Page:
Want a Student Loan? Now’s the Time!

The U.S. economy has drastically changed ever since the onset of the coronavirus pandemic. Businesses shuttered, teleworking at an all time high, are all part of the “new normal” we are living through. The lack of economic growth has called for the Federal government to enact very low interest rates in order to spur economic growth and prevent an economic crisis like we had in 2008.

What do low interest rates mean? The cost of borrowing any money is now extremely low compared to before because the government wants people to borrow money to spur economic growth. This low interest rate includes student loans, which intrigues a large percentage of the Vanderbilt student body. The interest rates on student loans is at a rate of  2.75%, much lower than a typical rate in any other year. Rates tend to run between 4 and 6 percent for federal student loans. These are historically low and if there is a time to take one out it would be now. Provided that you need one of course.

There are certain things to keep in mind with these low student loan rates. The rate of 2.75% only applies to undergraduate federal student loans; therefore, private loans or graduate student loans are not able to be taken out with this low interest rate. In fact, private loans are almost always higher than the federal student loan rate. If you take out an unsubsidized loan, the interest is being temporarily set to 0% through December 31, 2020, so your unsubsidized loan will not accrue the 2.75% interest rate until after the end of this year. If you have a subsidized loan, the 2.75% interest rate will only start accruing when you finish your studies.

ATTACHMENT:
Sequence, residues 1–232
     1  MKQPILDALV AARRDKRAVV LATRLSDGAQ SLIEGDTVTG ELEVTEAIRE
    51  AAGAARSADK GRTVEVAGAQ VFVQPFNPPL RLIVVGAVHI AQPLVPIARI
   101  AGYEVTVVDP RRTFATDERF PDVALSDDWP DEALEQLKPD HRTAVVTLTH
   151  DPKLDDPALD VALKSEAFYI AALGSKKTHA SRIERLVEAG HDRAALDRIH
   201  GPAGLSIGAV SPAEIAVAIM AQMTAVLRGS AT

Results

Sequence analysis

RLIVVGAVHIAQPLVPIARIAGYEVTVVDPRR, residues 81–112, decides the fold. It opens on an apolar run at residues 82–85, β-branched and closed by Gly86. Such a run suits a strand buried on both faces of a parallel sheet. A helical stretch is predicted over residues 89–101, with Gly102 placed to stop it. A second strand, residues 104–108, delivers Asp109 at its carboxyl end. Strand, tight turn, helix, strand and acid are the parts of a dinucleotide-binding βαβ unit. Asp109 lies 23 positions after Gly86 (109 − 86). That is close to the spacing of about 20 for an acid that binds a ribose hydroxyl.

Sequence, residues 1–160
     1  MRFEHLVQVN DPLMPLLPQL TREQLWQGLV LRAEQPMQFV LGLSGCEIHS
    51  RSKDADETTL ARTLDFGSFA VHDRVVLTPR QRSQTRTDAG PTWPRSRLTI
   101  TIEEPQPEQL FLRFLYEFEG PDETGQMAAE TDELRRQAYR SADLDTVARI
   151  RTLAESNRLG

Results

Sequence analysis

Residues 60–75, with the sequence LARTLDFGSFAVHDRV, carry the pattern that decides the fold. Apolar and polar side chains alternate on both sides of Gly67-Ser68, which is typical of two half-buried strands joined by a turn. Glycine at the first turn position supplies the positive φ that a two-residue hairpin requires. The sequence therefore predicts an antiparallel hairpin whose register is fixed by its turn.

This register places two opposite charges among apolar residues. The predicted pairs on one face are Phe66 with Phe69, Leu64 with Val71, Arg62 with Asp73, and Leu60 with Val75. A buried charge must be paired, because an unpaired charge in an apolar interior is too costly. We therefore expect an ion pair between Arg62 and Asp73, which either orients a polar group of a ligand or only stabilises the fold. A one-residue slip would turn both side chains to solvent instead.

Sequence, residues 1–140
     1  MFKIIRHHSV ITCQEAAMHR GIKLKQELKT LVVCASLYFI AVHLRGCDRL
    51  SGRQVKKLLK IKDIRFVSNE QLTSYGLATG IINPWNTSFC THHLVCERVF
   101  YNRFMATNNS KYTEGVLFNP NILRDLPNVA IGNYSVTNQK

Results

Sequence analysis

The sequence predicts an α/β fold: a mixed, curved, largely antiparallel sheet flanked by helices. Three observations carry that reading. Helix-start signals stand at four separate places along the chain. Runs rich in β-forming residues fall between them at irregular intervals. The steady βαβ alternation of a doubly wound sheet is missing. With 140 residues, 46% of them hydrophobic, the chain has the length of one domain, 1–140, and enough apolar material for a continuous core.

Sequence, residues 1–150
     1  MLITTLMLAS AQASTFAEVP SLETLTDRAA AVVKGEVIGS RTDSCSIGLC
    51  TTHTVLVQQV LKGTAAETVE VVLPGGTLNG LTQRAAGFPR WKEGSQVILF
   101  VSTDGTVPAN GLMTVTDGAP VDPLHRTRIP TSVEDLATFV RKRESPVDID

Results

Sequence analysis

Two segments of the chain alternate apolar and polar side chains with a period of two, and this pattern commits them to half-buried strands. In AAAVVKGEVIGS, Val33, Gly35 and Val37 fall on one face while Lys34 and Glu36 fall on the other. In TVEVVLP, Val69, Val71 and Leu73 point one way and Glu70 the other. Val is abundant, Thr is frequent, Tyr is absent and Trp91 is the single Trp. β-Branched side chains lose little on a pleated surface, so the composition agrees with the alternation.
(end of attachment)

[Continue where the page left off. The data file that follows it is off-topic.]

Low interest rates on student loans change how many people advise students to pay for their studies. Even a 0.5% difference in interest rates can be the difference between a few hundred or even a few thousand dollars in accrued interest in the future.  If you were adverse to getting a loan to pay for school in the past, perhaps now may be the opportunity to borrow money and avoid having to take one out next year when the interest rates increase because the interest rates will not stay at 2.75% forever.

By Gabriel Hinojosa

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